With the lack of a nationwide mask mandate, many experts in both finance and healthcare are saying that many states may have no choice but to reinstitute lockdowns. This has already happened in California and New Mexico according to clients I work with in those areas. Unfortunately, Governor Sununu does not appear to have the will to implement a mandate state wide, like some of neighboring states have. The next few weeks will be critical in determining whether New England will be able to come through the summer tourist season without reversing our current trends.
In light of this and the reality that the majority of the nation is experiencing an increase in Coronavirus spread, I am recommending that all businesses re-examine their experience in coming through the initial lockdown that began in earnest in March. What lessons have you learned? What worked well and what did not? Most importantly, examine your cybersecurity protocols as the threats we now face are at unprecedented levels.
This past week has been quite a week as it relates to cybersecurity threats. It’s been suspected for months and confirmed this week, that foreign state actors, most notably China and now Russia, are actively hacking organizations involved in coronavirus vaccine research, production and trials. Presumably, this is taking place in an attempt to steal data in order to get control of any vaccine and control its release. Frankly, if that’s true, it’s disgusting. This virus is a common threat to all of humanity. We should be working together.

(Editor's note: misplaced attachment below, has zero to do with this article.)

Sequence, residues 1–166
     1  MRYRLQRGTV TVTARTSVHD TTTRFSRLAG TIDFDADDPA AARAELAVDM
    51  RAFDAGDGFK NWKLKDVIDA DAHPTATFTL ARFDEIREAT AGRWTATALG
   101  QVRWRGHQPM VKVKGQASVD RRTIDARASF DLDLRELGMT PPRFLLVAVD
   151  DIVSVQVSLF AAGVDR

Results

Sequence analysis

This week has also seen a significant hack on Twitter and a major vulnerability in Microsoft’s DNS, Domain Name Server that prompted an emergency alert from the Cybersecurity & Infrastructure Security Agency (CISA). CISA urged the immediate application of a security update to address the vulnerability that would allow a hacker to take control of at-risk systems. This issue impacts any Windows Server with the DNS role enabled.
The Twitter hack impacted several high-profile accounts. Some have deemed it an “epic” hack. The hack was perpetrated by hackers who tricked a Twitter employee to divulge credentials allowing the hacker access to internal administrative controls that allowed the hacker to send out tweets under the accounts of public figures. The tweets directed people to a bitcoin scam.
I share all of this to make the point that no company is immune to cyberthreats and the motivation for these threats varies. If we are forced into a new lockdown, can you pivot your business to a fully remote model quickly and securely? My emphasis is on securely more than anything. Hackers are absolutely taking advantage of the number of employees working remotely. Many are doing so insecurely. It’s critically important, now more than ever, to be sure your remote users are working securely and not inadvertently putting your business at risk. Every remote user should be secured with multi-factor authentication at a minimum, but businesses also need to be that their remote users are working on a secured segment of their home network, that is not comingled with the rest of their family or roommates. Talk to your IT team or IT partner to be sure you have a secure model for your team to work remotely, whether they are presently, did in the past or may need to in the future.
Please don’t take these risks lightly. Our economy depends on it.